is focused on the potential for interrupting the chain of events leading from injury to impairment to functional limitation and disability. Table 5-2 summarizes what is known to be effective in minimizing impairment, maximizing functional capacity, and preventing disability, as well as what needs to be known to develop better and more efficient systems of care.
The nature of the trauma determines the initial severity of the injury to the central nervous system and to a substantial degree also determines the extent of the resulting impairment and functional limitation. Sufficient trauma to the brain may result in cardiopulmonary death, and direct injury to the upper cervical spinal cord may result in death due to paralysis of the muscles of respiration. Should the patient survive the primary injury, however, several other types of injury can occur and increase the extent and severity of impairment and functional limitation. These other types of injury (described below) are secondary injury to the central nervous system, additional second injury to the spinal cord, associated injury to other organs at the time of the initial event, and medical complications of other body systems. A primary role of emergency medical systems, acute care, and medical rehabilitation is to mitigate these effects and ensure maximum function. However, as the National Research Council (1985) and the U.S. Interagency Head Injury Task Force (1989) have noted, more information is needed on effective interventions.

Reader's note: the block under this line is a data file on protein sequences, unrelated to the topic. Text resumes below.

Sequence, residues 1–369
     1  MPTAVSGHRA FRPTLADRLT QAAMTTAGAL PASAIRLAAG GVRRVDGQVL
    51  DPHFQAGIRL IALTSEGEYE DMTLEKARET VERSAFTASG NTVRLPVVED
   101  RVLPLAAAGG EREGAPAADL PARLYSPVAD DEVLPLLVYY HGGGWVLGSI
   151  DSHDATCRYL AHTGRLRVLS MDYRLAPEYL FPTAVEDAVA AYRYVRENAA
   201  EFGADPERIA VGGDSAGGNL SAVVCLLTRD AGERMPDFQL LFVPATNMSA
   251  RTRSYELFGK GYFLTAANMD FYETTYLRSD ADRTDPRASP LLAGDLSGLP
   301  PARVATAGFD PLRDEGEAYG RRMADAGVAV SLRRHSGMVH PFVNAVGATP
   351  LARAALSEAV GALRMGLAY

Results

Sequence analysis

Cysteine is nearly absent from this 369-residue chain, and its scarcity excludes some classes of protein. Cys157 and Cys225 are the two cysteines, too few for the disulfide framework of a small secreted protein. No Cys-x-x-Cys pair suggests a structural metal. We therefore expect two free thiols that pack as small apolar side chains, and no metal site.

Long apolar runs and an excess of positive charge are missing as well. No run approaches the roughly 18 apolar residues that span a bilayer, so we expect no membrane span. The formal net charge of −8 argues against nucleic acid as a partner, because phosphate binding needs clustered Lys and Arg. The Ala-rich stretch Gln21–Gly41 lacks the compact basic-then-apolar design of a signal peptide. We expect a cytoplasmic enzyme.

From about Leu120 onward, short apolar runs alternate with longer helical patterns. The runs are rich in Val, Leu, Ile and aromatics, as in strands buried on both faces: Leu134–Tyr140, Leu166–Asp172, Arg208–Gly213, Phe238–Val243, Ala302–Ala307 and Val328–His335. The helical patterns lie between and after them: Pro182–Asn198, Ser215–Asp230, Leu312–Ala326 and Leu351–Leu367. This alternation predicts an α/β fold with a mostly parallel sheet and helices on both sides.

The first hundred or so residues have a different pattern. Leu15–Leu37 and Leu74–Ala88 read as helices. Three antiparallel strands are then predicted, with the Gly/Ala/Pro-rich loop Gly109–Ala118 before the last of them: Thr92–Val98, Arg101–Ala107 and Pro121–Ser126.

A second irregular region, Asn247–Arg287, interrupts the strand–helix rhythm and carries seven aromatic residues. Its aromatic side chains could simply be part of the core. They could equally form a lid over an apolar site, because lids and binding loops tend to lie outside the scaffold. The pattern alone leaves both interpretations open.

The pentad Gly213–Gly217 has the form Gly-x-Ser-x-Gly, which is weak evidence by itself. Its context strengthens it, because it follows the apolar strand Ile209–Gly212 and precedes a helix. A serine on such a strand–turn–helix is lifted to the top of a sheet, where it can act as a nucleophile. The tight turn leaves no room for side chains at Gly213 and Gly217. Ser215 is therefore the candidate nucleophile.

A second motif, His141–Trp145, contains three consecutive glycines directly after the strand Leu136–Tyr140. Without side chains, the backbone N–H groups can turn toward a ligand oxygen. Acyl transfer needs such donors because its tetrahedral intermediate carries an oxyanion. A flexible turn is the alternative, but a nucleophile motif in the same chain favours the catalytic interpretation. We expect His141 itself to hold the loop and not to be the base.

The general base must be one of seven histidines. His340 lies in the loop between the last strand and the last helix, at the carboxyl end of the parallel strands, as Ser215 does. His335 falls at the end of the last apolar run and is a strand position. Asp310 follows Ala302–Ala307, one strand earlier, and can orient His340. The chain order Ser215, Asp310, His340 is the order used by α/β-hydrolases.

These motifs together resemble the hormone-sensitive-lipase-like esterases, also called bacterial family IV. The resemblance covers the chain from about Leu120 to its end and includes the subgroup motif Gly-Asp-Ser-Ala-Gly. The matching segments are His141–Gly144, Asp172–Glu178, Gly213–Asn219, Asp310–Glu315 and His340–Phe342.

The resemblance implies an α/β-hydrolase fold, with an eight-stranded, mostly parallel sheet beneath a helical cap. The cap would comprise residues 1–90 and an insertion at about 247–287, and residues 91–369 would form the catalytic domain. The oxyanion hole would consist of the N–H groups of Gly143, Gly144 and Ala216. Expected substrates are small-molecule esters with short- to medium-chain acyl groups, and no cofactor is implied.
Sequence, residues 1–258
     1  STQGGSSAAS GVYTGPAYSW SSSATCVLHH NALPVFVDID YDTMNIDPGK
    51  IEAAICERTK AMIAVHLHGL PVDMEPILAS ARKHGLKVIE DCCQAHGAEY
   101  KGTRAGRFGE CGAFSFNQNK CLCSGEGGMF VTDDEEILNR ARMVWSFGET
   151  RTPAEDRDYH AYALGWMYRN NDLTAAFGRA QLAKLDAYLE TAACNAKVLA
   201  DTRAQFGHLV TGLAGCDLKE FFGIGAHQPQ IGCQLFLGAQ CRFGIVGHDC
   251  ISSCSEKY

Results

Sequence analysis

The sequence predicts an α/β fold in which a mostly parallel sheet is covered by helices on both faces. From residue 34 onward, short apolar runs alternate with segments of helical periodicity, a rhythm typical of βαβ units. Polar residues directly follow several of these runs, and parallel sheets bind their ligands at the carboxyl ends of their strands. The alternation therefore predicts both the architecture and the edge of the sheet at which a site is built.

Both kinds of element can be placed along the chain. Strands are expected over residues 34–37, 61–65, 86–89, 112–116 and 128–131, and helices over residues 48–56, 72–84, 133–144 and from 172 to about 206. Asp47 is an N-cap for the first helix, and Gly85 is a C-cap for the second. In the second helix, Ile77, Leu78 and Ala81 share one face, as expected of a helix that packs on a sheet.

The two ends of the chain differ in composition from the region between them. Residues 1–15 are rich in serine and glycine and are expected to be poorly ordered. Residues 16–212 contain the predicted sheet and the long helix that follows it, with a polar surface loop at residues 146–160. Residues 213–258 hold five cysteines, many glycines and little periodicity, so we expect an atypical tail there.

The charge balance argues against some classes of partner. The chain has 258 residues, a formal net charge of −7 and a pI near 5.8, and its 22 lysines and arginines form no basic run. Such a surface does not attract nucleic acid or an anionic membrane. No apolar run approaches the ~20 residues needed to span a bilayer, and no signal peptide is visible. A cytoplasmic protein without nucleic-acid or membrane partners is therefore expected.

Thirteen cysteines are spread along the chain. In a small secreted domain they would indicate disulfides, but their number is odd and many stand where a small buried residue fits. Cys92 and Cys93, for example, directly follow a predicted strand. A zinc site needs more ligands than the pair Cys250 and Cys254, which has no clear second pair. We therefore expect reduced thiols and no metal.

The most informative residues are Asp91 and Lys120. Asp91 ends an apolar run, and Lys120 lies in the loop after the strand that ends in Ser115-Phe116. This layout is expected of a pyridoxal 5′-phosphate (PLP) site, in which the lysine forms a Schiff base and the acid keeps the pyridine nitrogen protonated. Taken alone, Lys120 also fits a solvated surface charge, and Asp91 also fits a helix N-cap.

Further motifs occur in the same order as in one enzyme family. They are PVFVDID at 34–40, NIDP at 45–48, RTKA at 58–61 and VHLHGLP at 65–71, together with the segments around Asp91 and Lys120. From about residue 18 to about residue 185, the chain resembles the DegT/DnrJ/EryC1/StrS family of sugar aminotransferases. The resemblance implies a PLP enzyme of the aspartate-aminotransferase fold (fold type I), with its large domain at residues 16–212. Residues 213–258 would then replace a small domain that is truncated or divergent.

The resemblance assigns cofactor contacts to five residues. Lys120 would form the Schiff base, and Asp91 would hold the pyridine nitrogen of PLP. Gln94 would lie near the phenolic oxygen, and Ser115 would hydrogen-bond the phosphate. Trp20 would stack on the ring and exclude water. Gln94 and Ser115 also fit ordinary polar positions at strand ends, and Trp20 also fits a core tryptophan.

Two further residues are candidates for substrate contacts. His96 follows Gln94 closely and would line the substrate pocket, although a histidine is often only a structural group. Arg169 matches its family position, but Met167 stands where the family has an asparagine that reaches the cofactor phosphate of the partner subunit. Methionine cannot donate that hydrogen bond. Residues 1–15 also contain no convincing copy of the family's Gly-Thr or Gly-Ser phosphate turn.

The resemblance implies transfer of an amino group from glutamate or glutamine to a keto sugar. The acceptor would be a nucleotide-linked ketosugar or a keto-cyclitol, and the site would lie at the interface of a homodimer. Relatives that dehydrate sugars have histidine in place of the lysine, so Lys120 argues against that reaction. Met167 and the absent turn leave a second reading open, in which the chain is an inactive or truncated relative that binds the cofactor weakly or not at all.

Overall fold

Secondary Injury Primary injury to the brain results in focal hemorrhage or diffuse injury to axons and in hypoxia. The spinal cord, similarly, may sustain initial contusion, hemorrhage, and hypoxia associated with a disruption of the spine and surrounding structures (Becker and Povlishock, 1985). The cascade of events that follow the initial injury often results in further damage (secondary injury) to the nervous system. For example, diffuse brain swelling and space-occupying lesions resulting from TBI can contribute to increased intracranial pressure that can further contribute to ischemia and hypoxia—factors that contribute to impaired function and death. The mechanisms and pathophysiology underlying these changes remain unclear and in need of further research (National Research Council, 1985).
Second Injury The initial trauma of SCI can cause responses such as swelling, hemorrhage, and hypoxia. In TBI patients, drug treatment to remove focal hematomas and control swelling and pressure is helpful, but in SCI patients only modest improvements are achieved. Failure to adequately stabilize the spine during extrication, transport to the hospital, and in the hospital may result in a second injury to the spinal cord, converting an incomplete